This is anything but boxed in

Singapore

Written by Stephen Crafti

Photography by Finnbar Fallon

Architecture by L Architects


Designed with a contemporary gridded form, the aptly named Living Grid House by L Architects deals with Singapore’s tropical climate in a clever manner.

Sentosa Cove is one of Singapore’s most coveted neighbourhoods, set in verdant streetscapes and providing a sanctuary-like environment for the residents who live here. It’s also an area where one can find impressive contemporary architecture, like this striking home designed by L Architects.

The two-storey home doesn’t have to rely on a high front fence to keep prying eyes at bay. It features a distinctive grid-like façade, with a series of 800 by 800-millimetre cuboids shielding the home’s generous glazing – something that can be problematic with Singapore’s tropical climate.

Living Grid House

So rather than shrouding the house with established trees, there’s a grid of window boxes, well endowed with ferns and tropical plants that screen the sunlight. This structure, which is illuminated at night, is self-watering and also provides drainage, and is an alternative to the green wall, introduced into our lives by Patrick Blanc.

It was seen as a device for protecting not only the living areas at ground level, but also the two bedrooms on the first floor, designed to align with the eaves of this house. “A space is more than a sum of its parts. It has the potential to enhance the way we live and go beyond what we are familiar with,” says architect Lim Shing Hui, director of L Architects.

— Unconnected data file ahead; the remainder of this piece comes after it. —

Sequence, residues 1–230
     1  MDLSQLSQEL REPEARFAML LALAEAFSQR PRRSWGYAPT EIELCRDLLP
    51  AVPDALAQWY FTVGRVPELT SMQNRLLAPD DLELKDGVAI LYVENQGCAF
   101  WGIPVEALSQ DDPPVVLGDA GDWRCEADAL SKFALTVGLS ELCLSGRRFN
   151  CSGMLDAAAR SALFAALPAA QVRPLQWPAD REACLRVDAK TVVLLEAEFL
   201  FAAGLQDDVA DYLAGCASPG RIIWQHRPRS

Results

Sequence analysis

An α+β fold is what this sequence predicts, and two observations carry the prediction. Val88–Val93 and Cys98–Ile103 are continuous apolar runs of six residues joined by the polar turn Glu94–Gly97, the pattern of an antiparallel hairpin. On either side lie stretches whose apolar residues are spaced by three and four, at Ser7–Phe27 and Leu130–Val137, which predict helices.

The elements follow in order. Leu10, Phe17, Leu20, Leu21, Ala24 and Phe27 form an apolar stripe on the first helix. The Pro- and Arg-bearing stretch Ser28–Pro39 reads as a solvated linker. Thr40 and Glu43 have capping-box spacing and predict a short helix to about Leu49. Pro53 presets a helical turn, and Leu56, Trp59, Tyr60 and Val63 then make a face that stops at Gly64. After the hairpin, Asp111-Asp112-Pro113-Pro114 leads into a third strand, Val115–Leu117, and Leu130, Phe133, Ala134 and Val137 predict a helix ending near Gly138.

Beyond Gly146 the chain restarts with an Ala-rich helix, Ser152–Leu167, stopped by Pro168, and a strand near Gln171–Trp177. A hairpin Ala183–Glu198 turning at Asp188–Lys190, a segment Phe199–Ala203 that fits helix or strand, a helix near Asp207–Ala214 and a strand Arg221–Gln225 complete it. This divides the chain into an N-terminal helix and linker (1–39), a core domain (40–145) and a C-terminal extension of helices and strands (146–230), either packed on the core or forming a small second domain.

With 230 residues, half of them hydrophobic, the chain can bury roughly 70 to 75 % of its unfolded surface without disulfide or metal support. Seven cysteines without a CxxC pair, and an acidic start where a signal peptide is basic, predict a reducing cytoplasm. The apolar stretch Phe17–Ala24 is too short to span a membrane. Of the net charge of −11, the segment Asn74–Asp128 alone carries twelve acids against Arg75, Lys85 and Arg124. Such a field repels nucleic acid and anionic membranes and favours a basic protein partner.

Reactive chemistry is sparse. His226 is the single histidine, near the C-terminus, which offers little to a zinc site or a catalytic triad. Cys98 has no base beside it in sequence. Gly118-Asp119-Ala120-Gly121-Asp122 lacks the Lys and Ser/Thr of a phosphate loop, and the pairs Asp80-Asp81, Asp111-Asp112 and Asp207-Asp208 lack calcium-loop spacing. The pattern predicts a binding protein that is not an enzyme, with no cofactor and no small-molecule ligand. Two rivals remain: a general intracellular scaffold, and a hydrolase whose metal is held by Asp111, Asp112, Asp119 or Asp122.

Living Grid House

Although there’s a permanent green veil across the home’s façade, the design is considerably more than a clever idea across the façade, one that includes a porte-cochere that creates a striation of sunlight across the entrance.

The open plan kitchen and living areas are as considered, with generous timber joinery and thoughtful detailing, including a marble chopping board that forms part of the kitchen’s island bench. And while the spaces are open and fluid, there’s a slight change of level between the dining and living area, creating a certain ‘70s vibe.

Living Grid House

However, whether the owners are relaxing in the living areas or greeting the day (there are blinds in bedrooms and bathrooms for additional privacy and sun control), there’s a sense of living with nature, far from the bustle of central Singapore.

Living Grid House
Living Grid House

Project details

Architecture & interiors – L Architects
Photography – Finbarr Fallon

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